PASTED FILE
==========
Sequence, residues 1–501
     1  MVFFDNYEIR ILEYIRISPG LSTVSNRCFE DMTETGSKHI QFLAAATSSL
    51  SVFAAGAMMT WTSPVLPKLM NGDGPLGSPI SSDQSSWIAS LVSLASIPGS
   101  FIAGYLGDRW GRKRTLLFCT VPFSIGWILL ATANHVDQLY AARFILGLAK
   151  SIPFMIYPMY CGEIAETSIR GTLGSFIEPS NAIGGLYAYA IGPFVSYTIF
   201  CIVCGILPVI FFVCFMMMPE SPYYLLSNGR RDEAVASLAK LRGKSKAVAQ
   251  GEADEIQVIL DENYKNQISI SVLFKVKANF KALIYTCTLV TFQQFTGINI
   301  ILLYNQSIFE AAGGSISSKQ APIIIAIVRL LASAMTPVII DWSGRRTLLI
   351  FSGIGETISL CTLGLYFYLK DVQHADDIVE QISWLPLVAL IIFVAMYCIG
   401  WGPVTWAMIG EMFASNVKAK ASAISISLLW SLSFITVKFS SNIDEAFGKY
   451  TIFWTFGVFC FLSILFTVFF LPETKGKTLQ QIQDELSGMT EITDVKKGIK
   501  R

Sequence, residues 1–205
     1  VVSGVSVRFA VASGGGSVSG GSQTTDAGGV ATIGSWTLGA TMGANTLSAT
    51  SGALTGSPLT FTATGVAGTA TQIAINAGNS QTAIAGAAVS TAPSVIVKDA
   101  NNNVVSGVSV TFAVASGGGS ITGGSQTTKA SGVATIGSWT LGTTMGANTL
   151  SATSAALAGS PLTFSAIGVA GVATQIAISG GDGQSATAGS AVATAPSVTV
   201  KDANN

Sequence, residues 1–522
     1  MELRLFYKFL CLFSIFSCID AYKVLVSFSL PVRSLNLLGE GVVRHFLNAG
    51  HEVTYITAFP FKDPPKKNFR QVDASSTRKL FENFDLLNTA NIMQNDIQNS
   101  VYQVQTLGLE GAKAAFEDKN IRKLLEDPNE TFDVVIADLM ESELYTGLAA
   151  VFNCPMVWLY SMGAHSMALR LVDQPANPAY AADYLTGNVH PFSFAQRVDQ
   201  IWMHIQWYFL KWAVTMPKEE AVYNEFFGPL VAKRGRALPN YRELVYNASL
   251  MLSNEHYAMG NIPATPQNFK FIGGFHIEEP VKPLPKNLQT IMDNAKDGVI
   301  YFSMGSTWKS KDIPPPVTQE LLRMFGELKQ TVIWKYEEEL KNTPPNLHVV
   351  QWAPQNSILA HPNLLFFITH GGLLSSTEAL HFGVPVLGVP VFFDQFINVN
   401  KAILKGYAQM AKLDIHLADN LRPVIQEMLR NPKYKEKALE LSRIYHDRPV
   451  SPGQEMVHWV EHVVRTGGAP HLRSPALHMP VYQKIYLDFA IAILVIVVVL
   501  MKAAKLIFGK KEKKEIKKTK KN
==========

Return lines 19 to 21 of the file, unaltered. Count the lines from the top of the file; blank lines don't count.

Sequence, residues 1–522
     1  MELRLFYKFL CLFSIFSCID AYKVLVSFSL PVRSLNLLGE GVVRHFLNAG
    51  HEVTYITAFP FKDPPKKNFR QVDASSTRKL FENFDLLNTA NIMQNDIQNS